Dr. Bryn Upton, a professor at McDaniel College, led the Question and Answer period. He asked Reyna about life “in the shadows” and to describe her early life as an undocumented immigrant. She said that taking ESL classes and being able to speak English increased her confidence in school. Then President George W. Bush’s amnesty bill allowed her to get her green card at 13. That helped bring her out of the shadows.

After attending Pasadena City College for two years, she went to the University of California, Santa Cruz and graduated with a B.A in creative writing and film and video. She was the first member of her family to graduate from college. Later she received an M.F.A. in creative writing from Antioch College.  Now she teaches creative writing at UCLA Extension.

She couldn’t write this book when she was 22. It still was not easy at this stage of life, but it has been a catharsis, she said. The writing was cleansing. It was therapy.

A professor told her what she was writing at first was an autobiography. She was writing about too much of her life A memoir covers a limited amount of time.

Reyna realized she had to stop looking at her parents as a daughter and look at them through the viewpoint of an author. She began to look at them as characters in a story. As characters, their good points as well as their bad points were revealed, as well as the history that affected them, that made them who they were. She saw her parents were products of their own upbringing.

Before writing this memoir she had written two novels. She received an American Book Award in 2007 for Across a Hundred Mountains. In 2009, Dancing with Butterflies was published.

In her novels, portions of her life are revealed. Worry about a father not returning, came from fear when she was younger that he wouldn’t return for her.

Thoughts about writing were scattered throughout her speech and during the question and answer period.

She said, “Whenever I listen to another writer speak, I am inspired and motivated.” I also think new ideas or changes to an existing work while listening to other writers, just as I did during Reyna’s talk.
“These ‘ghosts inside’ were demanding attention,” she said. “I also am reminded about the basics: good characterization and setting.”

It bothers her that so many people look at immigration as numbers, not as people. Individuals lose their identity. She included only one statistic in the book: that 80 percent of children in ESL classes come from families split by immigration, and hopes teachers keep in mind the hurdles they are facing.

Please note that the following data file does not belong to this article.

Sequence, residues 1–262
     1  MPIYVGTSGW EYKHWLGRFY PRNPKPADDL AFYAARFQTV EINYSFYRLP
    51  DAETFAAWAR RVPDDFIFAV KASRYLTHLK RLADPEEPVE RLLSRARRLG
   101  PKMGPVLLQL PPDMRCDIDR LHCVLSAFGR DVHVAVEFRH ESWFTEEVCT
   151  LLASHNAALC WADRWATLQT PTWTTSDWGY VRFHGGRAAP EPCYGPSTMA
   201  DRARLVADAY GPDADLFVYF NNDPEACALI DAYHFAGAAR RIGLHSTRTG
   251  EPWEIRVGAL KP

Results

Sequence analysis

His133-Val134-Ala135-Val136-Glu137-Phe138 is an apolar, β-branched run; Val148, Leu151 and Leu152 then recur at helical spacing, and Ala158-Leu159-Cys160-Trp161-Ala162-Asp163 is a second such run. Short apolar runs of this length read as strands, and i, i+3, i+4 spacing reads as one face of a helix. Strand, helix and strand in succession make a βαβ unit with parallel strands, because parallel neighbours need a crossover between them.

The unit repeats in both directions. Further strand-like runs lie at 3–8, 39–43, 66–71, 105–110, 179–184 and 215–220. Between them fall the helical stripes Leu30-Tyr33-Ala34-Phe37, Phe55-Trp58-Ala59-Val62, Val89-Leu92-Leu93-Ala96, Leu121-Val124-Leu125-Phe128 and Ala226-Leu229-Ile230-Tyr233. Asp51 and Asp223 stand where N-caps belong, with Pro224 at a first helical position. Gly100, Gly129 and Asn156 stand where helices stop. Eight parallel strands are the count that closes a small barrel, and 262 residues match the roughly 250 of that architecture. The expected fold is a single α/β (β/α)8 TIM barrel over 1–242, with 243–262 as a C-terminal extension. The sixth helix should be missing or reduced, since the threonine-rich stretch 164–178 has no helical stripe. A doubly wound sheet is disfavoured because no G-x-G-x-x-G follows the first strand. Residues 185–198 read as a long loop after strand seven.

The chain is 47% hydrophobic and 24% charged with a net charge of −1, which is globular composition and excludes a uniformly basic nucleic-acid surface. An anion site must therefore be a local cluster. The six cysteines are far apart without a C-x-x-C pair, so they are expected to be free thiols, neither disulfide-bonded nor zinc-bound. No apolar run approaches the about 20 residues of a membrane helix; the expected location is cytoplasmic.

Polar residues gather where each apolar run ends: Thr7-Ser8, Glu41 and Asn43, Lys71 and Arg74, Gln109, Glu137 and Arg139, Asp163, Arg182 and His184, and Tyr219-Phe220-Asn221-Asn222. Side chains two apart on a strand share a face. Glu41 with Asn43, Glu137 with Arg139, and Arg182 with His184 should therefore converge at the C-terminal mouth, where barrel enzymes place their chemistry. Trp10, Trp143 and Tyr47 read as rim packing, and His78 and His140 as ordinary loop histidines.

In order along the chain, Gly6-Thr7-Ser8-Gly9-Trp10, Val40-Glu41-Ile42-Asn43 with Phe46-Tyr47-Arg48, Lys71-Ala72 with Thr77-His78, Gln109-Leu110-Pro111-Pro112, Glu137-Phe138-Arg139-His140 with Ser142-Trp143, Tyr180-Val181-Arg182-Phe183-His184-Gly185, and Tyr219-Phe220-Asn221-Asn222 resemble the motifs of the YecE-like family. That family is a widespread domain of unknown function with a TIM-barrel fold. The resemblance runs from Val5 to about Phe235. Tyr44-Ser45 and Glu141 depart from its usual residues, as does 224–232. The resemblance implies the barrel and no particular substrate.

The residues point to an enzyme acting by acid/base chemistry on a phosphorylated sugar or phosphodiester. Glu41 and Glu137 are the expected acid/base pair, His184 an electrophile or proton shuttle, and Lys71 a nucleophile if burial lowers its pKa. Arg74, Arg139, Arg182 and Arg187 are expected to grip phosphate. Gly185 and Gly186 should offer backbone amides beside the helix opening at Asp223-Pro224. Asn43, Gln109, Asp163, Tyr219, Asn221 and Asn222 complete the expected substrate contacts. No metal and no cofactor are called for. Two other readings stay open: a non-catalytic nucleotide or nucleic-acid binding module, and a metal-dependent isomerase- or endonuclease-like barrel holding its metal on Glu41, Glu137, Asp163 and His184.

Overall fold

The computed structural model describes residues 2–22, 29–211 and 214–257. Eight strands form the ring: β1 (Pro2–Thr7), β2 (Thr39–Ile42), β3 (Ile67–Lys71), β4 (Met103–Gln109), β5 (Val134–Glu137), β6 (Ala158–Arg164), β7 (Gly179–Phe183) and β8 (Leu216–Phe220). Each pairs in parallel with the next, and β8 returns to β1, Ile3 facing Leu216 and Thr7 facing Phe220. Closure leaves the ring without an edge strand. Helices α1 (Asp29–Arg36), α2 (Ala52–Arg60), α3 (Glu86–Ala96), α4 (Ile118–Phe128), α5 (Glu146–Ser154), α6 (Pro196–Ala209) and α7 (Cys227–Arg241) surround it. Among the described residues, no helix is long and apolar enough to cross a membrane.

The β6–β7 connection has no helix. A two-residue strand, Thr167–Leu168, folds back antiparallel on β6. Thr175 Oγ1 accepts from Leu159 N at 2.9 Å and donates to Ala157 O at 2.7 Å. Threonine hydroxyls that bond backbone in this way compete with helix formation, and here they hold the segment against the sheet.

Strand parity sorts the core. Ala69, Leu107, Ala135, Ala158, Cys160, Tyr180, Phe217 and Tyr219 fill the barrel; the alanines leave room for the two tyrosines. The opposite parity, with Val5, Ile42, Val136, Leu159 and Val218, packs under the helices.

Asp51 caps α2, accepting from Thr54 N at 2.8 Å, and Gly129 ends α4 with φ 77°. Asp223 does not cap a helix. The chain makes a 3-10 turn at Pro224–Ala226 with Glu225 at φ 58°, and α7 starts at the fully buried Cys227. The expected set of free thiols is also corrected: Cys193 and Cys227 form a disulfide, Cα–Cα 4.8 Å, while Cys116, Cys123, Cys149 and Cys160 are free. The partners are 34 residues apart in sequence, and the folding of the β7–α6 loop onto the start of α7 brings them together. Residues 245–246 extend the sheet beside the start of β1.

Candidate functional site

All Americans are immigrants, but the younger generations tend to forget where their ancestors came from. All had difficulties when they first came to their new country.

I wish I had written this blog right away instead of just jotting down notes. I feel I’ve lost a lot of the impact of the evening. It was interesting and enlightening to share some of this writer’s life and thoughts. If you have a chance to attend one of the events featuring Reyna Grande I definitely would recommend you go.

Thanks to the Maryland Humanities Council, the Carroll Citizens for Racial Equality, United Hands of Carroll County, McDaniel College  and the Carroll Library Partnership for sponsoring this program.

Saturday, September 20, 2014

Steinbeck in letters

Reading Steinbeck, A Life in Letters has proven more enjoyable than I expected and I wanted to share some of what I have been getting from the book.

John Steinbeck preferred writing letters to face-to-face contact. I can understand that. Don’t many of us writers feel we can communicate our thoughts better by putting words on a page than through speaking?

“In sixty years, I‘ve left a lot of tracks,” he wrote in 1962. Following those tracks through his letters led to this book edited by Elaine Steinbeck and Robert Wallston. They collected several thousand letters and compiled them, primarily in date order, with an occasional comment about his life at that time.

Besides revealing a lot of Steinbeck’s personality, the letters contain a lot of information about writing. He took his craft seriously. In spite of writing about the darker side of human nature and often being depressed, he did have a sense of humor.

In 1931, he wrote, “I learn that all of my manuscripts have been rejected three or four times since I last heard. It is a nice thing to know that so many people are reading my books. That is one way of getting an audience.” He also wrote, “Kids don’t believe in emotion in adults since they invented it themselves.”

He sometimes used “Pegasus the flying pig as a symbol of himself, “earth-bound but aspiring. A lumbering soul, but trying to fly,” he once explained. Another time he wrote “not enough wingspread, but plenty of intention.”

Depressed after the death of one of his best friends and divorce from his second wife, he wrote, “If I can write again then I can be happy again.” By this time he had already become famous for The Grapes of Wrath and Cannery Row, but worried that it had all drained out of him.

Advice on writing appears often throughout his letters. In 1949, he wrote to John O’Hara, “But we must first use the adjectives before we can know how to leave them out.” In 1950 he wrote, “…all filler wants to come out… I’ll want no word in dialogue that has not some definite reference to the story.”